Salivary CSF-1 levels tied to periodontitis, age, manifest caries
Age, periodontitis, muscle and joint diseases, malignancies, smoking, and manifest caries are all factors that are associated significantly with salivary concentrations of colony stimulating factor (CSF)-1, a new study has shown.
Analysis of mean salivary CSF-1 levels in 441 individuals (mean age 48.5±16.8 years; 50.6 percent female) showed that females (873.7±677.6 pg/mL) and males (927.3±661.5 pg/mL) had comparable levels even after adjusting for total amount of protein.
In contrast, the level of salivary CSF-1 was significantly lower in smokers compared with nonsmokers (759.6±595.5 vs 928.8±682.2 pg/mL; p<0.05). The statistically significant difference disappeared after controlling for total amount of protein.
Participants were divided into three age groups: <40 years (n=150), 40 to 64 years (n=199) and >64 years (n=90). Those who were above 64 years had significantly higher CSF-1 levels than the other two age groups, even after adjusting for total protein amount. Age was also significantly positively associated with CSF-1 levels (p<0.001).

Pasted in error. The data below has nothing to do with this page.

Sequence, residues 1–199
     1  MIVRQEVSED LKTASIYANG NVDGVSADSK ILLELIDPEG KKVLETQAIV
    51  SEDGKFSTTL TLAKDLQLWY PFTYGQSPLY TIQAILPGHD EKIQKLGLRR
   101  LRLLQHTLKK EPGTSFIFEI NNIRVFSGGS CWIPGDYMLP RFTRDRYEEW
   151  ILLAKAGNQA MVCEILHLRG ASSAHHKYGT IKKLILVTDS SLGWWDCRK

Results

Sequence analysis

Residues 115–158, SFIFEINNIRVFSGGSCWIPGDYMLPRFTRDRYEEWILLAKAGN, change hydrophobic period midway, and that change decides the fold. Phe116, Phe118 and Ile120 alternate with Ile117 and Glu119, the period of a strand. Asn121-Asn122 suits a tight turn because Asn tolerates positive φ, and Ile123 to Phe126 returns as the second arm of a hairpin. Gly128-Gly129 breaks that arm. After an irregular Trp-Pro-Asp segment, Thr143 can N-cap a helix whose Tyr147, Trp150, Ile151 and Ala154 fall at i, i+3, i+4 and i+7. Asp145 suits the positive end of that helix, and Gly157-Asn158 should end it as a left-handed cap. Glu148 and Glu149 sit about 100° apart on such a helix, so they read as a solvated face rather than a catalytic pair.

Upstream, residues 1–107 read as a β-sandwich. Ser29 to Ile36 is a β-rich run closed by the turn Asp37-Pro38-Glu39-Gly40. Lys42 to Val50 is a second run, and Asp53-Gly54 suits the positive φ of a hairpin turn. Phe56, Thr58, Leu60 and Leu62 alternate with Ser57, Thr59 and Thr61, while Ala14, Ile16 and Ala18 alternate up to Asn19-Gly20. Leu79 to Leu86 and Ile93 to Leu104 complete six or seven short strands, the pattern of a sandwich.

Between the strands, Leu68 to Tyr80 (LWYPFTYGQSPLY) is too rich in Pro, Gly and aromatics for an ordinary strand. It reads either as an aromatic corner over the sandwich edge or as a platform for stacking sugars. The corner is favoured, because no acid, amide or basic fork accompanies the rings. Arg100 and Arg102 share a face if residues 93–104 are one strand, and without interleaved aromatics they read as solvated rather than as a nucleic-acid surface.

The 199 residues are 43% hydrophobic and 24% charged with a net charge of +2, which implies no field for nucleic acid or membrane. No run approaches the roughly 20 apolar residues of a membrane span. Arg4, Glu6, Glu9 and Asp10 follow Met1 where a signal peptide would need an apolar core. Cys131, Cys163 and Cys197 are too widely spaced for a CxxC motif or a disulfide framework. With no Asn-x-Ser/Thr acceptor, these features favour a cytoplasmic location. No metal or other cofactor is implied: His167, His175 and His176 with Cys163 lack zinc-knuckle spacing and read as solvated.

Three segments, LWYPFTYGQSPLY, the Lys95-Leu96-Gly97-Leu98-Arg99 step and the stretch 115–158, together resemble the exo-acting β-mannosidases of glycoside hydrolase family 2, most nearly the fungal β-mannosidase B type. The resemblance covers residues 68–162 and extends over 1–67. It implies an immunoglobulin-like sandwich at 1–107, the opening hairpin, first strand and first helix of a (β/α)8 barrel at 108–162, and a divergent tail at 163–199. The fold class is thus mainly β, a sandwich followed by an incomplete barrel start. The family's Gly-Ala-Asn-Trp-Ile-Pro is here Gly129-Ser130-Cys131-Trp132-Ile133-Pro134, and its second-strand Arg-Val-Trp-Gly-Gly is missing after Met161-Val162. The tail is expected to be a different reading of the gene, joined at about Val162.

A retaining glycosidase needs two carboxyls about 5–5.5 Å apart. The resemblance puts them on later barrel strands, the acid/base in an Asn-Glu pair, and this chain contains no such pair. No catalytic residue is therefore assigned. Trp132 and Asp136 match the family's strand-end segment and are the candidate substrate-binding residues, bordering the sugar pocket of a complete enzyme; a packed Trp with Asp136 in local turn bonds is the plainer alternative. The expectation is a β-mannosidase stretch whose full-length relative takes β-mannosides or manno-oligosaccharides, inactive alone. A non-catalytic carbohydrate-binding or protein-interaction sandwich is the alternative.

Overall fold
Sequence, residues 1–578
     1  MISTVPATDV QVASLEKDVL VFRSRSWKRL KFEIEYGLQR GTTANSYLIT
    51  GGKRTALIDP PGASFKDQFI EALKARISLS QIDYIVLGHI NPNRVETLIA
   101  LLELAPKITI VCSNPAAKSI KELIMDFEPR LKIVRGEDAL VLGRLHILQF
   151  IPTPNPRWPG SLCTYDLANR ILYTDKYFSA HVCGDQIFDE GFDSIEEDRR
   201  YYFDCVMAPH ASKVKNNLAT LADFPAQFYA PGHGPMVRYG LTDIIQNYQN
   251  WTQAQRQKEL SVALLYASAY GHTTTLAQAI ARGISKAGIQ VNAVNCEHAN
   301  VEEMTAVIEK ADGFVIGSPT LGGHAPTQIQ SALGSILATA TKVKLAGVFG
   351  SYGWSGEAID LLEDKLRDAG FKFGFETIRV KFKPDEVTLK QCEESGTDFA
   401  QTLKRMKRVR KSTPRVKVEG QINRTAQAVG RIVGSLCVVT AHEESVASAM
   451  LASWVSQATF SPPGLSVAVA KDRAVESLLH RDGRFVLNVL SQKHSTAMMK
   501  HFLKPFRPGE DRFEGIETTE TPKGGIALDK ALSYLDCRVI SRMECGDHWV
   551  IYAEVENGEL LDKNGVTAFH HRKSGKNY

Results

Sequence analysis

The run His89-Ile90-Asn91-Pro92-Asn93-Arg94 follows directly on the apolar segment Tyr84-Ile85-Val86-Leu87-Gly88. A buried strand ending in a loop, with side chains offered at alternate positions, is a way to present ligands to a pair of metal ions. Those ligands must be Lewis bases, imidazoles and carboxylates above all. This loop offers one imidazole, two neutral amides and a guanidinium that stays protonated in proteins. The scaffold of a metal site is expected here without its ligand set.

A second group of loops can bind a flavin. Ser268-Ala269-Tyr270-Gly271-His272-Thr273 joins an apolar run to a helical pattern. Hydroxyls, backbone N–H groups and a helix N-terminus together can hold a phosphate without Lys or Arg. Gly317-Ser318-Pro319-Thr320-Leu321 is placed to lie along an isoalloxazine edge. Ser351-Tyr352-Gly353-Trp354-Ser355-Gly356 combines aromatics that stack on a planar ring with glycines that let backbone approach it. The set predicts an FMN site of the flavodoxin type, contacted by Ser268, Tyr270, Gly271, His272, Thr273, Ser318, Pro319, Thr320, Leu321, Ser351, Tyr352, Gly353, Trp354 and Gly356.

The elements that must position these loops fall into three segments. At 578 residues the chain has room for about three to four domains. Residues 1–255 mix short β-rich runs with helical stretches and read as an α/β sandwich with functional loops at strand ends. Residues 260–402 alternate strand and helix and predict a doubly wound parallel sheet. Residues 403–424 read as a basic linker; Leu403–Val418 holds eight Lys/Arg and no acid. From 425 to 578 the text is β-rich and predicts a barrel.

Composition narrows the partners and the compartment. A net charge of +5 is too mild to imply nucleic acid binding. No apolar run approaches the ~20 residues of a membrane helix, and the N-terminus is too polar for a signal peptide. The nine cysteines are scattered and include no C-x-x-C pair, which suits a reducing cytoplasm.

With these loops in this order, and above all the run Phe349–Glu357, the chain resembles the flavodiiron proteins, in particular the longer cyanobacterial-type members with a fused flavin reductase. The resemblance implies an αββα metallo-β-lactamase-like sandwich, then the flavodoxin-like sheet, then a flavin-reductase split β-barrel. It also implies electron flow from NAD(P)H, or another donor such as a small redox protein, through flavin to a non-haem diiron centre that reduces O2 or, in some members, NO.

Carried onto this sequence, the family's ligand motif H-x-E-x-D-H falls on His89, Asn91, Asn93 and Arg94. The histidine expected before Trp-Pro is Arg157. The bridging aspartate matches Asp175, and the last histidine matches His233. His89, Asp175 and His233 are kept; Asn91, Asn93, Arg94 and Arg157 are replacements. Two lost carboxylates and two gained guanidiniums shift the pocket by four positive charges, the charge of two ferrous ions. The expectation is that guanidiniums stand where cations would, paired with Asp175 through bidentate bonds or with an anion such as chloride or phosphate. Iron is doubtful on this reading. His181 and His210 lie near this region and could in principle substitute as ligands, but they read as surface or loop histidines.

CSF-1 levels were significantly higher in participants with periodontitis than in those without (973.3±725.2 vs 802.1±532.9 pg/mL), even after adjusting for manifest caries. The significant association was lost after adjusting for total salivary protein.
Those with manifest caries lesions (MCL) ≥3 (1,158.2±964.5 pg/mL) had significantly greater salivary CSF-1 than those with one to two MCLs (945.0±641.5 pg/mL) and without MCL (852.2±626.2 pg/mL). Controlling for total salivary protein removed the significant association. MCL was significantly positively correlated with CSF-1 levels (p=0.001).
Finally, participants with tumours and muscle and joint pains had higher CSF-1 levels compared with those without the conditions. The differences did not reach statistical significance.